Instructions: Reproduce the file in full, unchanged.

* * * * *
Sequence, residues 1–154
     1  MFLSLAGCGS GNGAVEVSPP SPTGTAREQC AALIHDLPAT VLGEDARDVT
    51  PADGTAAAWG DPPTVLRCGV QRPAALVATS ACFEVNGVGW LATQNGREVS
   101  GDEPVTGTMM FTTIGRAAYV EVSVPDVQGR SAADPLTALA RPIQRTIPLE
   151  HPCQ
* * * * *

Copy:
Sequence, residues 1–154
     1  MFLSLAGCGS GNGAVEVSPP SPTGTAREQC AALIHDLPAT VLGEDARDVT
    51  PADGTAAAWG DPPTVLRCGV QRPAALVATS ACFEVNGVGW LATQNGREVS
   101  GDEPVTGTMM FTTIGRAAYV EVSVPDVQGR SAADPLTALA RPIQRTIPLE
   151  HPCQ